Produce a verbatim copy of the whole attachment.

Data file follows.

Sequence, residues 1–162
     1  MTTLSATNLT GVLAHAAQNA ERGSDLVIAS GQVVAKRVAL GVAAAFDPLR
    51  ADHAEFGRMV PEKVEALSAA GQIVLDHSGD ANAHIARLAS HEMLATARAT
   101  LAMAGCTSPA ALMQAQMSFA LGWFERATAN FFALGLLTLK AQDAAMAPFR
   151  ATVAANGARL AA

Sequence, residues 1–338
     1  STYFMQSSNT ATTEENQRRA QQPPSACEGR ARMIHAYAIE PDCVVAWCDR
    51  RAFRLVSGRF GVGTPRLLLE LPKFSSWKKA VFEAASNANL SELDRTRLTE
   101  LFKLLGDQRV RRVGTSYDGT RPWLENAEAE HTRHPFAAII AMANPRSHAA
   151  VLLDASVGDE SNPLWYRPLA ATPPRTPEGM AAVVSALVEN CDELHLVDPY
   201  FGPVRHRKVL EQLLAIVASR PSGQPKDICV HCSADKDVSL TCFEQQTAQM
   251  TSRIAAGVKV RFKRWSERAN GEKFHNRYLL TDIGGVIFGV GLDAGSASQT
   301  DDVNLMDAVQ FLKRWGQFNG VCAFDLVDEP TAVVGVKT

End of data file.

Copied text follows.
Sequence, residues 1–162
     1  MTTLSATNLT GVLAHAAQNA ERGSDLVIAS GQVVAKRVAL GVAAAFDPLR
    51  ADHAEFGRMV PEKVEALSAA GQIVLDHSGD ANAHIARLAS HEMLATARAT
   101  LAMAGCTSPA ALMQAQMSFA LGWFERATAN FFALGLLTLK AQDAAMAPFR
   151  ATVAANGARL AA

Sequence, residues 1–338
     1  STYFMQSSNT ATTEENQRRA QQPPSACEGR ARMIHAYAIE PDCVVAWCDR
    51  RAFRLVSGRF GVGTPRLLLE LPKFSSWKKA VFEAASNANL SELDRTRLTE
   101  LFKLLGDQRV RRVGTSYDGT RPWLENAEAE HTRHPFAAII AMANPRSHAA
   151  VLLDASVGDE SNPLWYRPLA ATPPRTPEGM AAVVSALVEN CDELHLVDPY
   201  FGPVRHRKVL EQLLAIVASR PSGQPKDICV HCSADKDVSL TCFEQQTAQM
   251  TSRIAAGVKV RFKRWSERAN GEKFHNRYLL TDIGGVIFGV GLDAGSASQT
   301  DDVNLMDAVQ FLKRWGQFNG VCAFDLVDEP TAVVGVKT